Was the University of Oklahoma President Too Quick to Condemn?

Tape with the word 'UNHEARD' covers the mouth of the sculpture 'The Sower' at the University of Oklahoma on March 11, 2015 in Norman, Oklahoma. Brett Deering/Getty

In the short time since several University of Oklahoma fraternity members were seen on a video singing a racist chant, President David L. Boren has acted quickly. Just hours after the video emerged, he called the students "disgraceful" and said he hoped they would leave Norman. And on Tuesday he expelled two who had led the chant.

In acting so decisively, Boren has departed from the measured, legalistic response that so often dominates crisis management in academe. And while his blunt rhetoric and swift discipline prompted cheers from many, it may have opened up the university to legal challenges on grounds that the students were denied due process or stripped of their First Amendment rights.

Boren, a former governor of Oklahoma and U.S. senator, seems ready for such a fight. In a letter to the students facing expulsion, the president cited "your leadership role in leading a racist and exclusionary chant which has created a hostile educational environment for others."

Gene Grabowski, a crisis-communications consultant, said the president's response is the sort that few in his position seem capable of mustering in the moment. It is common to hear college leaders talk about culture and diversity, but words like racist, employed by Boren, are particularly charged and less frequently uttered from university presidential podiums.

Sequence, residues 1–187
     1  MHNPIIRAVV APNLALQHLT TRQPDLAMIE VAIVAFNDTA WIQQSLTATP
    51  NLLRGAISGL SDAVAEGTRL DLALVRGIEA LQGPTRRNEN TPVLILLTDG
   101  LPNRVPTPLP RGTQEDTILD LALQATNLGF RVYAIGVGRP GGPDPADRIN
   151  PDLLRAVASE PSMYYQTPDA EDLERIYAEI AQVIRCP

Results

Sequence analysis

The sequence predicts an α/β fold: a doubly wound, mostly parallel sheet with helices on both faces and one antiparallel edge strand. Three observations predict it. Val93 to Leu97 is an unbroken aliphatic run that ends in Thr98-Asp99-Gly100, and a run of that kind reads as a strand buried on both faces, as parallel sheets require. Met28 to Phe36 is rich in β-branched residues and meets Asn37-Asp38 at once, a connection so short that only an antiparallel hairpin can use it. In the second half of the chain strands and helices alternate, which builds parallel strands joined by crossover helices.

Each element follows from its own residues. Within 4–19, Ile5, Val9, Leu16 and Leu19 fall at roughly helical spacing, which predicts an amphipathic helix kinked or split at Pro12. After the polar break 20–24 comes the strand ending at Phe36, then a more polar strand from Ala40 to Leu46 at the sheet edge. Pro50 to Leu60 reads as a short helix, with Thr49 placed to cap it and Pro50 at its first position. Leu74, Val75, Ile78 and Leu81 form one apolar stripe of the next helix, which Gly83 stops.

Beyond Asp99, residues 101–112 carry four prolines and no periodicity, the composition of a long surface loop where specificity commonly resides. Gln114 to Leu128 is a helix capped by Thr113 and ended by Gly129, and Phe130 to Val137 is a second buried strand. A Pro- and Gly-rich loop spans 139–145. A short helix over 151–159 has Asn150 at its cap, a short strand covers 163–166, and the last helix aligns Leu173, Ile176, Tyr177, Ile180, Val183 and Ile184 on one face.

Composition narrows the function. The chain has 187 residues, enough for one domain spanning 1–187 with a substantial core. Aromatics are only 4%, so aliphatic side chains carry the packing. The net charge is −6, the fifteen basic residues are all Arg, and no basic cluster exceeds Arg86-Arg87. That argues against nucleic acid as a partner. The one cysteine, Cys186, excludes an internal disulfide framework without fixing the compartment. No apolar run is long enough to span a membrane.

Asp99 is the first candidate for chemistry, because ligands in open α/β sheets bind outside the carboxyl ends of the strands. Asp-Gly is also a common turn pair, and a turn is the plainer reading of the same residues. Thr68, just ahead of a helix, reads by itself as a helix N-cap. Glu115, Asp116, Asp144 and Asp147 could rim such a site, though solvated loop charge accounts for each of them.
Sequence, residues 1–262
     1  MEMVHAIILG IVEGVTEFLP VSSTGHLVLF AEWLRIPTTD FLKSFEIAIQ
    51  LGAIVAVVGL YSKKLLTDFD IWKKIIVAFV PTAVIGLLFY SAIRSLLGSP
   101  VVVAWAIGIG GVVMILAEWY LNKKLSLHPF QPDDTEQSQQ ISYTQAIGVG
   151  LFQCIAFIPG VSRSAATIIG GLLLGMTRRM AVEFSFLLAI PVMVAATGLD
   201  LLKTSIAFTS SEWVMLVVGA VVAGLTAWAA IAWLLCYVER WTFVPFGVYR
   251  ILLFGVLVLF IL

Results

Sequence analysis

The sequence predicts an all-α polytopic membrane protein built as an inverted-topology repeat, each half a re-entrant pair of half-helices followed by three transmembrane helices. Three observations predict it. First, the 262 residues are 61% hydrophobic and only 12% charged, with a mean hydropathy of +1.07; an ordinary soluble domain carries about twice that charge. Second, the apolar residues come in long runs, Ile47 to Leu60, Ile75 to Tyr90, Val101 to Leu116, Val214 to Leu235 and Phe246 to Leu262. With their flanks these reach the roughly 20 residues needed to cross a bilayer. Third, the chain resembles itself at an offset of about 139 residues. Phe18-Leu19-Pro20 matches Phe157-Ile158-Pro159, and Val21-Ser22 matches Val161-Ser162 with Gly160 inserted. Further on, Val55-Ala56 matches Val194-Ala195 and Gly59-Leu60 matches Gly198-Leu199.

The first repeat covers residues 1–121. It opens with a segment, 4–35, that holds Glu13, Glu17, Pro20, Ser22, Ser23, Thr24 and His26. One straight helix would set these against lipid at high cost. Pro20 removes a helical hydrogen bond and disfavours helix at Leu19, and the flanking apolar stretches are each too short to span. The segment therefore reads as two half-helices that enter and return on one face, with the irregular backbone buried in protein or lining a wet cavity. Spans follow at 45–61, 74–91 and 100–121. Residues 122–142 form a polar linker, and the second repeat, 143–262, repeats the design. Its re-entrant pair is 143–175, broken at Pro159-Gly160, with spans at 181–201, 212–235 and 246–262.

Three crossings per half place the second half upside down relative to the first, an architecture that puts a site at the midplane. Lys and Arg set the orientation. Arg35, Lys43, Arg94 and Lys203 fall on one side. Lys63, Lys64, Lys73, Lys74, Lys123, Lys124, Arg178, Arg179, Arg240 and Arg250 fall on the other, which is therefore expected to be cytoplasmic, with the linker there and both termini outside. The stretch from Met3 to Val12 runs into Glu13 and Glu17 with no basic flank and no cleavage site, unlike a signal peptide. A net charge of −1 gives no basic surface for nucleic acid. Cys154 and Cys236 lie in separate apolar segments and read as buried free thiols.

"He's definitely coloring outside the lines here," said Grabowski, a partner at kglobal, a communications firm in Washington, D.C. "He's gone well beyond the decorum one expects from presidents."

Boren, who is 73, may feel he has little to lose. He is unlikely to pursue a presidency elsewhere, Grabowski said, and any fallout from the last few days could be explained as an overly passionate response to what the president perceived as despicable behavior. (Boren declined an interview request for this article.)

"I do think you're going to see some repercussions based on action this swift," said Grabowski, who has offered his consulting services to Sigma Alpha Epsilon, the fraternity whose members are under fire. "But the court of public opinion certainly will be on Boren's side," he said. "And right now President Boren is more concerned with getting the tone right and taking the moral high ground than he is concerned about repercussions."

Legal Issues

The university's expulsion of two students on Tuesday has prompted public discussion about the very notion of disciplining students for racist comments or behavior. There is precedent for universities doing just that, and legal challenges have followed.

In 2001, Auburn University announced the indefinite suspension of 15 students who had worn Ku Klux Klan uniforms and blackface to fraternity Halloween parties. Like Boren, William F. Walker, the university's interim president at the time, did not mince words in the announcement. "The continued presence of these students in the university community poses an immediate threat to the well-being of the university and we're taking that action," Walker said.